Albuquerque wasn’t a problem. My husband and I hopped in the car and drove from Illinois across Missouri, Oklahoma, the Texas panhandle and on into New Mexico. It was a long trip, but easy enough, and for part of the way we followed Route 66 (and had a few kicks). Flying to Bethesda by myself gave me the jitters, though. Not the flying part; the part about landing in Washington D.C. and finding my way to the Metro, getting on the right train, getting off at the right stop, and finding the hotel all while juggling luggage. What if I freaked out and ended up in Alexandria instead of Bethesda?

At some point just short of hyperventilating, I realized my pre-conference nerves had me feeling the same way I do every time I start writing a new book. It doesn’t matter that seventeen of my books, plus short stories, are published or will be soon. The emotions, worries, and questions threaten to undo me every single time I start again. Need proof? Look at the parallels:

Would I remember how to pack a suitcase? = Will I be able to plot and plan a coherent story?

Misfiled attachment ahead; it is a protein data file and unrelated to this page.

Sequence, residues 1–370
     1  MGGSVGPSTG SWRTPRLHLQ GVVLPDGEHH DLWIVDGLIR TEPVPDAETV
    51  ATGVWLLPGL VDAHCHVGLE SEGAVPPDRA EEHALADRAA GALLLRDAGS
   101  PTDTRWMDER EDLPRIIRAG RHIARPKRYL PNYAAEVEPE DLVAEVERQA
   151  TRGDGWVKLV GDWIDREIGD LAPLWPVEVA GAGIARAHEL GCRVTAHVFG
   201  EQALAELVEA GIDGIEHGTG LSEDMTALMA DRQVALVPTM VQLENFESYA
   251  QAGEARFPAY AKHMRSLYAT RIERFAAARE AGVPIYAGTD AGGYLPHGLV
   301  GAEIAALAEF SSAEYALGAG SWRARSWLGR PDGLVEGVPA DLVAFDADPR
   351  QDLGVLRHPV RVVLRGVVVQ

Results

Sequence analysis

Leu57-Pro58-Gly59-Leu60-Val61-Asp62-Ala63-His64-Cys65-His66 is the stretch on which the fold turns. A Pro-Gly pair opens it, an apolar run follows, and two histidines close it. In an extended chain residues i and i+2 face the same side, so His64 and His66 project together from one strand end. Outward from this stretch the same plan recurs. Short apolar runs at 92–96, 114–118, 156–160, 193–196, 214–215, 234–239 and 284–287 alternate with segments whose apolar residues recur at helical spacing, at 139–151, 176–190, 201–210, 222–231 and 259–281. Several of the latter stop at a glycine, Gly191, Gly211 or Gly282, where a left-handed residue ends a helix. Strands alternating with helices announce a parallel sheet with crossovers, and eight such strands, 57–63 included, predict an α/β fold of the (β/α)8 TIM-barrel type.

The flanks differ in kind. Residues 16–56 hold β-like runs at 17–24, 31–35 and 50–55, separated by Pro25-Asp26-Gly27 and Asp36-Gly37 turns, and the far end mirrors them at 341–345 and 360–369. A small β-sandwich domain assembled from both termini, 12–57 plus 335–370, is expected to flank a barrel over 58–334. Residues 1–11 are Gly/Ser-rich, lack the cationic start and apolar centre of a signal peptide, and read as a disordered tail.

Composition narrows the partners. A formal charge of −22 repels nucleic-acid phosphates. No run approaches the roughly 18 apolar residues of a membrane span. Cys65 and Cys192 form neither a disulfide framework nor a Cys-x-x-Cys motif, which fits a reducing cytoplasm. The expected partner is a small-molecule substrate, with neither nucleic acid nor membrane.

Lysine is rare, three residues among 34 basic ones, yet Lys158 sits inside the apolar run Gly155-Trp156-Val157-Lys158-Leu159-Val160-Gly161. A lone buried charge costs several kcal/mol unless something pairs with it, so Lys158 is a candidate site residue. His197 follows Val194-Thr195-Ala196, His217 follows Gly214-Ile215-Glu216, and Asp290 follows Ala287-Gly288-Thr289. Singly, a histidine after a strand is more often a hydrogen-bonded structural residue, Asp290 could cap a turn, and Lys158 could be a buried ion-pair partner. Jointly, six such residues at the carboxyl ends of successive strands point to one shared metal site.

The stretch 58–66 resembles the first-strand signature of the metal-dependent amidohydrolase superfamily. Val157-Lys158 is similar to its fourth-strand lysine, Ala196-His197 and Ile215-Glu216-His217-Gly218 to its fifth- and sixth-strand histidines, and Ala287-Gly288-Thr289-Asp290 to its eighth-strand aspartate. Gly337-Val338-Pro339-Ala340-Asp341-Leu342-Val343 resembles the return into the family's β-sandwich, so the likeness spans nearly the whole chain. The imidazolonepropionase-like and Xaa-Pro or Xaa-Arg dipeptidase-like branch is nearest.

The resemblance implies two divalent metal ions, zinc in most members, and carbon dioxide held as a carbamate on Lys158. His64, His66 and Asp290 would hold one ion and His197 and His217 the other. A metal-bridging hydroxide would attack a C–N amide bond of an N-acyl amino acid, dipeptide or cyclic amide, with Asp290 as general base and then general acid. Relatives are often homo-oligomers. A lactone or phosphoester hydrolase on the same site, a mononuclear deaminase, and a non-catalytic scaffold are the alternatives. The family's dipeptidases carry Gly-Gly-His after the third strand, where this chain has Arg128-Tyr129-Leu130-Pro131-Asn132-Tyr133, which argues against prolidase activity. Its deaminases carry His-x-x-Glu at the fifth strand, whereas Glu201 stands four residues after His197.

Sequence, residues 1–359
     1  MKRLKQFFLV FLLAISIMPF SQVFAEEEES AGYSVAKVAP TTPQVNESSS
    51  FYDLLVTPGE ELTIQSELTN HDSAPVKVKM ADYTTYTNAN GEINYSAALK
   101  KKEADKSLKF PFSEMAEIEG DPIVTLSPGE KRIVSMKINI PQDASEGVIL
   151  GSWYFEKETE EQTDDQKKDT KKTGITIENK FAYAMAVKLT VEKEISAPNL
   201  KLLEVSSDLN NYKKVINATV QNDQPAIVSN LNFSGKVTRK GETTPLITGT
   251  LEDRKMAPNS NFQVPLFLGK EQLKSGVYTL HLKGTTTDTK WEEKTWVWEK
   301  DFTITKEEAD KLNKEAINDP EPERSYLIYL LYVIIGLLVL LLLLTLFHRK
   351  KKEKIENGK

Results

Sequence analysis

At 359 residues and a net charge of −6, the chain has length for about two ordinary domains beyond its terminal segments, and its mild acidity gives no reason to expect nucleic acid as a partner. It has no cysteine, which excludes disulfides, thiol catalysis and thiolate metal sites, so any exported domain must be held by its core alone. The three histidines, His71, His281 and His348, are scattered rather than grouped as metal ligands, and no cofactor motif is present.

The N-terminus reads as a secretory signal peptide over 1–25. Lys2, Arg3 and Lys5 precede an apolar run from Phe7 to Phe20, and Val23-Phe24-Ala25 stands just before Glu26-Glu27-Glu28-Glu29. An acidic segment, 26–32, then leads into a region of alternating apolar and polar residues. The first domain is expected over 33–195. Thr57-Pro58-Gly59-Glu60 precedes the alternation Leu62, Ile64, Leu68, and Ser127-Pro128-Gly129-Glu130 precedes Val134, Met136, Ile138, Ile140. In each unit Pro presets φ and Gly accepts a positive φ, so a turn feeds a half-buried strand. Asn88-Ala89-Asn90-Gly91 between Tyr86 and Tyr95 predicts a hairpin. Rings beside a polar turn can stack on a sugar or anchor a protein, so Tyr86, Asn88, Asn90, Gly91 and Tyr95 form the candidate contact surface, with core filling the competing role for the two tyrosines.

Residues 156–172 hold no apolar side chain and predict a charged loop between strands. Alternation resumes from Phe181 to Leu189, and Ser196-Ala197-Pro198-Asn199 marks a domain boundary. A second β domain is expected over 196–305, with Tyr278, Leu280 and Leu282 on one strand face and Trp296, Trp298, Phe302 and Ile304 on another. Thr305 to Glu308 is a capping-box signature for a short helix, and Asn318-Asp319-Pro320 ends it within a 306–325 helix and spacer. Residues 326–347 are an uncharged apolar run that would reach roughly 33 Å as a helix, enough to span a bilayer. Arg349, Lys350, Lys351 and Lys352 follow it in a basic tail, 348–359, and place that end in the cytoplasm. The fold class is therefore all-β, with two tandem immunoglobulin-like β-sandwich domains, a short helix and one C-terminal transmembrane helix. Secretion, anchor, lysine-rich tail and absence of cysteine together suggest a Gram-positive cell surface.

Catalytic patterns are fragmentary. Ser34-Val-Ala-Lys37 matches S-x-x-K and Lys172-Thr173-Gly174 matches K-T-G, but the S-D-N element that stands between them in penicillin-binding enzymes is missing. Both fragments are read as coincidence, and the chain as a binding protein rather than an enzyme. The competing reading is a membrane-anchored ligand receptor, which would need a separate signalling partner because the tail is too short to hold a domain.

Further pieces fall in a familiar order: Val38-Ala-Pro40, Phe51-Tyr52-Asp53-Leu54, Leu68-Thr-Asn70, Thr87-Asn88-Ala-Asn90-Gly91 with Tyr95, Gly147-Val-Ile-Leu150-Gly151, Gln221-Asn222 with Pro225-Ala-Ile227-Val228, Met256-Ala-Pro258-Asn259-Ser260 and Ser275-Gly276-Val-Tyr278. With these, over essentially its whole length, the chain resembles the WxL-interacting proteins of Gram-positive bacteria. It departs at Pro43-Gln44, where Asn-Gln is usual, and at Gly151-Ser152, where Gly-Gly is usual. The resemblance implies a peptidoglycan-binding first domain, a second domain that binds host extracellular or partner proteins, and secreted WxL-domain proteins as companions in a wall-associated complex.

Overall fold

Would I manage to sound even remotely intelligent on a panel in front of an audience? = How can I possibly write another whole book that holds together and satisfies readers? 

Could I make myself talk to strangers? = A new book needs new characters. Who are these strangers?  

Would I recognize friends and remember names? = Theme, plot, subplots, and all those new characters – so many details to keep track of! 

Would I freak out and spend all my time in the hotel room? = Will I freak out and spend all my time dusting or cleaning closets instead of writing? Oh, please, no.

Could I find my way to Albuquerque and Bethesda? = Can I navigate my way through this new story and eventually type THE END?


So what’s a traveler/writer to do? How do you make all those questions, whether they’re about a conference or a new book, turn out happily ever after? Your mileage may vary, but for me it’s to sit down, breath calmly, and prepare—look at maps, do the research, take notes, make plans, stay focused, get ready, get excited, and go!